The same general trend is observed in Figure 5 for Groups 3–4. As BSO n increases, becomes more negative (deeper into the covalent region). In Figure 5a, points for Y⋯I are scattered, and the correlation weakens when taking the data as a whole. However, if considering each functional group individually, a strong linear correlation once again occurs. The periodic trend emerges that as A, the halogen homolog becomes smaller, the bond strengthens and becomes more covalent in nature. This is not a direct result of the axial ligand, rather it is the result of the polarizing effect the axial halogen has on the central I atom. The Y⋯IA interactions (< –0.237 Hartree/Å) sit significantly farther into the covalent region compared to the YI⋯A interactions (< –0.055 Hartree/Å). Figure 5b again shows a reasonable linear correlation with R = 0.917. The trend amongst functional groups previously noted in 3.1–3.2 is once again evident here: OCO > OC(CH)> OH > CN > NH in terms of pulling charge from the central I, which results in strengthening and to some degree increasing of the I⋯A bond. Another important point here is that one must not assume certain functional groups will behave the same way in all situations as they behave when bound to benzene. A prime example is CN: a strong electron withdrawing group (when bound to benzene) is the second weakest withdrawing group in this study.
2.4. 3c–4e Bonding
%3c–4e bonding character is shown Table 1. Vibrational spectroscopy was utilized to define a new and simple 3c–4e parameter, which was derived from Local Mode Analysis (L-modes). It utilizes BSO values to define %3c–4e bonding as:where BSO n (Y⋯I) > BSO n (A⋯I). A⋯I is the weaker, less covalent bond, and Y⋯I is the stronger, more covalent bond. In 2.1–2.4, A = Y; therefore, 3c–4e is 100%. In 2.5–2.7, %3c–4e decreases from 68% in 2.5 to 57% in 2.7 as BSO n becomes larger. 2.8–2.10 contain weakly-bound halogens, which promote high 3c–4e bonding character (88–97%). In 3.1–3.12, there is a large range of 3c–4e contributions to the Y⋯I⋯A interactions (45–94%). The highest percentage is in 3.5, where the 3c–4e interaction is HO⋯I⋯F. Both substituents have lp electrons and are highly electronegative. The bonds formed are strong and polar, as the central I is the most polarized of all Group 3 molecules with an NBO charge of +1.401 e. OH and F have similar BSO and NBO charges: n = 0.625, −0.565 e and n = 0.590, −0.703 e, respectively. The 3.1 has high 3c–4e character for the same reason as 3.5, but with NH involved instead of OH. N is slightly less electronegative than O, and NH has a more positive charge than OH, and thus forms a slightly weaker, less polar bond. 3.3–3.4 and 3.7–3.8 have the lowest 3c–4e character in Group 3. These species contain mostly I–Br or I–I bonds, which bind weakly, while on the other side of the Y⋯I⋯A, we have polar functional groups OH and NH. There is a strong polar interaction on one side of I and a weak non-polar interaction on the other side, which decreases the 3c–4e character. 4.1–4.4 have high 3c–4e character (81–85%). The I–O oxygen is part of an ester group which carries a large negative charge and contributes resonance stabilization. In 4.5–4.8, I is bound to the O on a T-butoxy group, which is slightly less electron rich and does not have the benefit of resonance. The T-butoxy-O binds strongly to I compared to Cl, Br, and I.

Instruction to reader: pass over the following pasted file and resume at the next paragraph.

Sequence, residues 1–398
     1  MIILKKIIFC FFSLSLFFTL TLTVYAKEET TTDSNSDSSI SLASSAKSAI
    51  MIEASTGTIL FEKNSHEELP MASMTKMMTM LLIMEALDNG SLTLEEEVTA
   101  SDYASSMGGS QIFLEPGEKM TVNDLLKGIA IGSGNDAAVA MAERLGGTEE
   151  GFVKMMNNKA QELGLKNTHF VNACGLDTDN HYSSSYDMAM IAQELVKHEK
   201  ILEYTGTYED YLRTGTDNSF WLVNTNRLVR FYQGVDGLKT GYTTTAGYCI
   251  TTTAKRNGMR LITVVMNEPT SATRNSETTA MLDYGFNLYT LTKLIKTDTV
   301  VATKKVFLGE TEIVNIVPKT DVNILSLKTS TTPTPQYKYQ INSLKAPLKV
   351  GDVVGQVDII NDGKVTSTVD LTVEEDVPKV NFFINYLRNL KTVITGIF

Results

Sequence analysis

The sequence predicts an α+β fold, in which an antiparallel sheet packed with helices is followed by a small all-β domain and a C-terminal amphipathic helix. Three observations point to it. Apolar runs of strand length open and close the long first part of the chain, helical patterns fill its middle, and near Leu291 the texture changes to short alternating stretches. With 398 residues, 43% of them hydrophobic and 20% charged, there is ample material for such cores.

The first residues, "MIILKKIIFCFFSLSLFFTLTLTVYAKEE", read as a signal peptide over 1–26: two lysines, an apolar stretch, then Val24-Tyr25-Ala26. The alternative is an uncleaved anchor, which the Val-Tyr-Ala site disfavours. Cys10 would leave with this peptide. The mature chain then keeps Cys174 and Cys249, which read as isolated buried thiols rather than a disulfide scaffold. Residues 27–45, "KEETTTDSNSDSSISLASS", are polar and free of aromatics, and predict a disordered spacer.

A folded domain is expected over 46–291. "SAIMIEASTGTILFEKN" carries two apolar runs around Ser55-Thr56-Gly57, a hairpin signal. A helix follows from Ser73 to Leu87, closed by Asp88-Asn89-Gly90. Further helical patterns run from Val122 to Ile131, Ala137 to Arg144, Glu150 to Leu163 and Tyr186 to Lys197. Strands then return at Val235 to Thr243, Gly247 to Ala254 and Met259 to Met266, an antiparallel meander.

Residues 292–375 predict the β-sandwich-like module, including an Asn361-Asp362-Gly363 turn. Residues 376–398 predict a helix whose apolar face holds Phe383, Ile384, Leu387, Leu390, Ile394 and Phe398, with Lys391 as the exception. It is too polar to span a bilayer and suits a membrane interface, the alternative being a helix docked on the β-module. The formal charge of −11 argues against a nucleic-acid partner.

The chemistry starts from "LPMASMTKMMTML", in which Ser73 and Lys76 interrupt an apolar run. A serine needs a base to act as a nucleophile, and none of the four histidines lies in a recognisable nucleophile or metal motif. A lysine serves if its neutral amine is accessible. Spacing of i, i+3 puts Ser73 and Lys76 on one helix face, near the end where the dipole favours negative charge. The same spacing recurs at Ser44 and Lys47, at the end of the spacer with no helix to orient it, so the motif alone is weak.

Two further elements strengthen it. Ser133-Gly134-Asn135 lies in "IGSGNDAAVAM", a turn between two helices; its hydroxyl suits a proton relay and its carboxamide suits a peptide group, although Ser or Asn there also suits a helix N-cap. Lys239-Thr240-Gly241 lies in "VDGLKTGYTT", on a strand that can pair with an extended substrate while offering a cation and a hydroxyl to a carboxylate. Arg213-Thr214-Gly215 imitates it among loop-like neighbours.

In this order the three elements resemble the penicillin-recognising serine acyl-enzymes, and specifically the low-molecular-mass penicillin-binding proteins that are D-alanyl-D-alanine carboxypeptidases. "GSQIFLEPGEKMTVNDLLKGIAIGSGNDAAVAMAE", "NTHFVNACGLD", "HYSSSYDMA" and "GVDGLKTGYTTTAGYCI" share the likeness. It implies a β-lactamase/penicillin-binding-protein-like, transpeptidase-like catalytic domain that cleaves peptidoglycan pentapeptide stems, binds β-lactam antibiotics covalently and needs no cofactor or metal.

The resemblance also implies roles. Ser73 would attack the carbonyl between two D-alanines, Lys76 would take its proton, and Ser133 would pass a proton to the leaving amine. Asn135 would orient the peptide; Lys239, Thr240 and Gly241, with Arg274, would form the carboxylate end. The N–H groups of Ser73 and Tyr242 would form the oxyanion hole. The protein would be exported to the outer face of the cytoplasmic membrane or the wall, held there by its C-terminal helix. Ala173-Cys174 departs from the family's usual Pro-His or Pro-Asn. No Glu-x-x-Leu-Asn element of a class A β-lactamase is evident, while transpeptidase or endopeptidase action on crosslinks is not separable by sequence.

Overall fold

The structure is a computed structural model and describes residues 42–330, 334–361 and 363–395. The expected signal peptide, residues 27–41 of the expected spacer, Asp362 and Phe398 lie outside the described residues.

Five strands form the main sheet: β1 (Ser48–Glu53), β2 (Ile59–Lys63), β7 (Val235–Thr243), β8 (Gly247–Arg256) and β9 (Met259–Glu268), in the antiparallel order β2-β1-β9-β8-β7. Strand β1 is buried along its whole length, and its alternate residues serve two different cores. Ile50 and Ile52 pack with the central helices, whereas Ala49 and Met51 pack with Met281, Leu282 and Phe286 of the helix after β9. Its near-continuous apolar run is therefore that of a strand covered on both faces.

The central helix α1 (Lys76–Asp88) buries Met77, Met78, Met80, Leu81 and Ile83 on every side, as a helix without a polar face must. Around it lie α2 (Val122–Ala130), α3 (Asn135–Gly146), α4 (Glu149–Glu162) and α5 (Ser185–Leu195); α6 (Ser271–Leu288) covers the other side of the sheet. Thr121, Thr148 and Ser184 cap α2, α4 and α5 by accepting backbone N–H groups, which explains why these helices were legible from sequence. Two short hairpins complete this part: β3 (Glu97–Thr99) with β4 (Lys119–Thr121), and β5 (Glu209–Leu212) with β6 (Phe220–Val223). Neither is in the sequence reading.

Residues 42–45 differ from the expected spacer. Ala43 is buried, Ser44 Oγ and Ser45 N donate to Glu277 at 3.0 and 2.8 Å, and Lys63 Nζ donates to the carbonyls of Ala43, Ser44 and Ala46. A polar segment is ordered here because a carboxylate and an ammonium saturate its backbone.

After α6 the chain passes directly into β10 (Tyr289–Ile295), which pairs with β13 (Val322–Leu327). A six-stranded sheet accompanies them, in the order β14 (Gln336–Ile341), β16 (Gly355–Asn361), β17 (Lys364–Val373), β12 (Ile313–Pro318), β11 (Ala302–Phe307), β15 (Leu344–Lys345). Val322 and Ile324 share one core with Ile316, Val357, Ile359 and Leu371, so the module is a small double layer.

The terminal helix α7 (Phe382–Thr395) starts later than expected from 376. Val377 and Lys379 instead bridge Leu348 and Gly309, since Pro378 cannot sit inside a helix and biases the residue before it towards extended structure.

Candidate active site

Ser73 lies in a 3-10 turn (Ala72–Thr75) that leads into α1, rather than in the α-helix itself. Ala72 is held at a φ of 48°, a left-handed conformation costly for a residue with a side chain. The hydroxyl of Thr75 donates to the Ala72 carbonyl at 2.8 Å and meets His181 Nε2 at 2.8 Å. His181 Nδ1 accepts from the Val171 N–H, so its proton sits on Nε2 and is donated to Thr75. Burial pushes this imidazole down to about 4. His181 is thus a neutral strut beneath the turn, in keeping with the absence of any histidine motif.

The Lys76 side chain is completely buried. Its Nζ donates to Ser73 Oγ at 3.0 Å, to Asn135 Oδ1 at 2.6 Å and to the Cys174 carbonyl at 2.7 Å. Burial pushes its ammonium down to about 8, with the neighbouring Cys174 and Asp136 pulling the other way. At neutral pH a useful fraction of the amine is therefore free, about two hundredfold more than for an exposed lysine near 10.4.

3. Computational Methods